It took decades for the authorities to solve the disappearance and murder of Janet Kovacich. But throughout, it seemed like only one suspect existed — her husband, Paul Kovacich Jr. This story is featured as one of two cases on Investigation Discovery’s ‘Deadly Sins: No Forgiveness: Kill Me, Kill Me Not.’ The show chronicles Paul and Janet’s marriage and how it crumbled over the years, leading to a fatal conclusion. So, if you’re wondering what happened, we’ve got you covered.
Who is Paul Kovacich Jr.?
During the early 1970s, Paul Kovacich Jr. put himself through the police academy by working as a ski patrolman in Lake Tahoe, California. He met Janet during his work as a patrolman, and the couple married in 1973 after living together for a while despite Janet’s parents’ reservations. Eventually, they settled in Auburn, California, and had a son and a daughter: Kristi and John. At the time of the incident, Paul worked for the Placer County Sheriff’s Department in California.
On September 11, 1982, Paul filed a missing person report saying his wife was nowhere to be seen. He claimed she was last seen on September 8 and had told his Sergeant about it the following day but held off filing a report. Paul told the police that on September 8, he and Janet had a conversation about getting a divorce and discussed things like custody, visitation, and the division of property. At the time, Paul claimed to agree with everything, even changing their kids’ school.
According to Paul, Janet made two calls to the new school, one at 9 am and another an hour later. Paul claimed to have offered her a ride to the school, but she refused. He assumed Janet’s mother was taking her there and left home to run a few errands. However, Janet never showed up to her scheduled appointment at 11:15 am. Paul was then seen at his gym at around 11:30 am and sometime later, at the jail, where he stopped to check for mail.
After a few hours, when Janet didn’t return, he made several phone calls to find her whereabouts but was unsuccessful, eventually talking to his sergeant. Once the police got involved, they noticed that Paul didn’t help with the search and seemed cold and aloof. He and the children didn’t even miss work and school. At one point, he even told the sergeant that Janet might have committed suicide and later admitted to cheating on Janet.
The authorities then looked into Paul and Janet’s marriage. They learned that the couple had plenty of discord. It was alleged that Paul was verbally and physically abusive and often criticized her appearance. She was seen with bruises, and Paul was accused of hitting her in front of a friend at one point. His controlling and abusive nature eventually pushed Janet to think about leaving him, and in December 1981, she talked to her brother about it.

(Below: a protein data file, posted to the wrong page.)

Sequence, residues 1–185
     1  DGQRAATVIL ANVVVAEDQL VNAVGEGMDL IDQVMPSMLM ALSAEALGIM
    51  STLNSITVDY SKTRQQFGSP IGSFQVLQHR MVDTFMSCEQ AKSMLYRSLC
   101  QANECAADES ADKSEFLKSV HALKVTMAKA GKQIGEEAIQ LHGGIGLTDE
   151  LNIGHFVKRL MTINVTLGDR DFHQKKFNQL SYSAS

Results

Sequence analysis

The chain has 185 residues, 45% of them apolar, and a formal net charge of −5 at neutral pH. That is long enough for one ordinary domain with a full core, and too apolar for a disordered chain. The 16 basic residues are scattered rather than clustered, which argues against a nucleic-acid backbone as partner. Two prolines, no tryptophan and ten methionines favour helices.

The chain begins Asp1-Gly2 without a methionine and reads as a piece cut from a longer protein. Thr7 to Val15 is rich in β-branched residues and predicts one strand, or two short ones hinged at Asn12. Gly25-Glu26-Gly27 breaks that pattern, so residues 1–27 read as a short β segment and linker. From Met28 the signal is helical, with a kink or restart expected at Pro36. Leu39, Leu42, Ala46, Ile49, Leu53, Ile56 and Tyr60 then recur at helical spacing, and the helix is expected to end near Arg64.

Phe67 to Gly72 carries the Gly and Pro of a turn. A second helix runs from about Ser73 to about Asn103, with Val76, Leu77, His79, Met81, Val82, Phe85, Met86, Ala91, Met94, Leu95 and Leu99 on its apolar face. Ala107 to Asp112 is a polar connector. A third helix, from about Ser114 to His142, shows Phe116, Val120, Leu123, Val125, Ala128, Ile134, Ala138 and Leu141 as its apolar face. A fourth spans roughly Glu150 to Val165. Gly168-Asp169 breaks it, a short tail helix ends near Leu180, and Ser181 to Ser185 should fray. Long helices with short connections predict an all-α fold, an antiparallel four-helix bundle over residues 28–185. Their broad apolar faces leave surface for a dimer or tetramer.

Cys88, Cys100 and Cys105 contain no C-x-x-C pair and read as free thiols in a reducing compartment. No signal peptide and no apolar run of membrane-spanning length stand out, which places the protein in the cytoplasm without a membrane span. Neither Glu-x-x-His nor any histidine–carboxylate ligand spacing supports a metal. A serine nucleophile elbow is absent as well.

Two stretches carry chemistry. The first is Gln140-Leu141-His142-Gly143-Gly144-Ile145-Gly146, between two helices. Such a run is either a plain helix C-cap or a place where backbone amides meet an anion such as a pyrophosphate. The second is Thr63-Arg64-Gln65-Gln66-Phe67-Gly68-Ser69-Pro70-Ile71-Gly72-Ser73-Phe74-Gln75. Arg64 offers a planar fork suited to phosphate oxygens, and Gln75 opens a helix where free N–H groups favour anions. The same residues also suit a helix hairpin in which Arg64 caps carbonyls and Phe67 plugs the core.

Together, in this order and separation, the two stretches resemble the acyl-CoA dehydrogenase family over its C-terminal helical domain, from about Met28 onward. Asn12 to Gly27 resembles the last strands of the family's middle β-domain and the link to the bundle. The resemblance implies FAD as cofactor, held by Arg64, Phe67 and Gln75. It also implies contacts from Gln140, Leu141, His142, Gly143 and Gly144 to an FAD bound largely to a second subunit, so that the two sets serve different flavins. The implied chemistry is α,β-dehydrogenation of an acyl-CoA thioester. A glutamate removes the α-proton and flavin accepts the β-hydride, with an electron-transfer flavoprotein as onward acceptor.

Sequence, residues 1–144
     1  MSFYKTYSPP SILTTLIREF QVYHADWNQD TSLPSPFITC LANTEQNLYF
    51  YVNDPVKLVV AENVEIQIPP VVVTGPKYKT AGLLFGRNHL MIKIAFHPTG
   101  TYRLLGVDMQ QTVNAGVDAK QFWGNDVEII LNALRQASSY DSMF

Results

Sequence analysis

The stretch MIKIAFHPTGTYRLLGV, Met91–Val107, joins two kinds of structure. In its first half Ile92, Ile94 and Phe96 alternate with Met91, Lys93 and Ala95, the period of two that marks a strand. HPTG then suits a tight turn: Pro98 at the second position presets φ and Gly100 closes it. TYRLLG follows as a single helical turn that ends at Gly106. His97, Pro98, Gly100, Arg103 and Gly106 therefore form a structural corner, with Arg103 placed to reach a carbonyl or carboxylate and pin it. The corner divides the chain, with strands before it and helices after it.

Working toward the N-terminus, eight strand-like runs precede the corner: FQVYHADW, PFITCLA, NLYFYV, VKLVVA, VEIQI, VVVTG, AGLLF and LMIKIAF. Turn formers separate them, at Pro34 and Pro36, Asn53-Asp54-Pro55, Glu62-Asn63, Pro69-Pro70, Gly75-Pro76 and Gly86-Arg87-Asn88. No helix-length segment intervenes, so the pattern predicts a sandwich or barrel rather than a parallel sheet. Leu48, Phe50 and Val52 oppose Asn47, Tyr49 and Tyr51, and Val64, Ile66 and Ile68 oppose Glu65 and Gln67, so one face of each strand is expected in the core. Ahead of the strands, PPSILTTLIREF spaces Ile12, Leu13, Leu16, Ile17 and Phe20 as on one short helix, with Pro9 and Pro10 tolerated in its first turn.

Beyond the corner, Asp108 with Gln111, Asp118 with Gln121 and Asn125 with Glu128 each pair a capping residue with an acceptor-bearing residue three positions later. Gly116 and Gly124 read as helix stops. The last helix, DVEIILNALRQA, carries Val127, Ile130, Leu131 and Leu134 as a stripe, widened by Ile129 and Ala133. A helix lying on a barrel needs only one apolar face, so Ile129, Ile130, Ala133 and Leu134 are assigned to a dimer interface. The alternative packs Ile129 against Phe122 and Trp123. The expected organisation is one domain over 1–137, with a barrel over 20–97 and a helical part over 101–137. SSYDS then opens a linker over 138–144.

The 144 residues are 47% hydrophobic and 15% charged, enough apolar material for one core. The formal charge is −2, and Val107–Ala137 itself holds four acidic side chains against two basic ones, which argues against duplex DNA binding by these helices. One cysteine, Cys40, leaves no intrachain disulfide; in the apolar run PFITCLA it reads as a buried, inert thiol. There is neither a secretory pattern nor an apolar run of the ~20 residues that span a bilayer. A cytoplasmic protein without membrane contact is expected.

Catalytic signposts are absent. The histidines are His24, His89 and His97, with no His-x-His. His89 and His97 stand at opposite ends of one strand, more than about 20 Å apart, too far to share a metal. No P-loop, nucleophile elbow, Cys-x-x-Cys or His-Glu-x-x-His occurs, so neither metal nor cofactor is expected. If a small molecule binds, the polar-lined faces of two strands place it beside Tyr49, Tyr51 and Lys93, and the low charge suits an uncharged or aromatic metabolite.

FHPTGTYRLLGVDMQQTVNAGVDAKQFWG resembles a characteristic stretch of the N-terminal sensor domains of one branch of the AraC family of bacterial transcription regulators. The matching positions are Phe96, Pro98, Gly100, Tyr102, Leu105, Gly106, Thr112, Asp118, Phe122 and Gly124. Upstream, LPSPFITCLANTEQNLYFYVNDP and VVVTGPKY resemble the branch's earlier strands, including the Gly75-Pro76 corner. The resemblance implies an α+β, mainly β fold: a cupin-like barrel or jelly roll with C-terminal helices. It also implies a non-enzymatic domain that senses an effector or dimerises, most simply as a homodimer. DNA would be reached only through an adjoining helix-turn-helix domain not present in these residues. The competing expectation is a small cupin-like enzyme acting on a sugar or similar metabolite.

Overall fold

Not just that, a friend talked about seeing the abusive behavior during a trip to the movies. Janet had also spoken to some loved ones about divorcing Paul, especially after he admitted to kicking the family dog repeatedly in August 1982; the pet eventually died. In the time leading up to Janet’s disappearance, she seemed to have made up her mind. Apart from talking about enrolling the kids in a different school, she had enrolled herself in pre-nursing courses at college.
But suddenly, after September 8, 1982, Janet was nowhere to be seen. There was no activity on her bank accounts, and all of her things were still at home. Paul was the last person to have seen her, and his behavior only raised more suspicion. However, without any other clues, the case went cold. In 1995, a piece of a human skull was found in Rollins Lake, California, about 18 miles from Auburn. It wasn’t until 2007 that it was identified as Janet’s. The skull had what appeared to be a bullet hole, and by then, Paul was already indicted on murder charges.
Where is Paul Kovacich Jr. Today?
By the time Paul stood trial for Janet’s death, he had lived as a free man for over two decades and had retired from the force. The prosecution put forward a strong but circumstantial case, stating that Paul drove her to a secluded area under the pretext of giving her a ride to the school on that fateful day, shooting her there. The authorities believed that he was upset after Janet brought up divorcing him.
In January 2009, Paul was convicted of first-degree murder with the personal use of a firearm. A few months later, he was sentenced to 27 years to life in prison. Paul claimed to be innocent and said, “The bottom line, your honor, is I don’t know what or who to believe. I do know that I love my wife, and I would never harm her.” The kids, Kristi and John, also said that their father had never been violent. Now 72, Paul remains incarcerated at the California Institution for Men in Chino, San Bernardino County. He will be eligible for parole in 2027.
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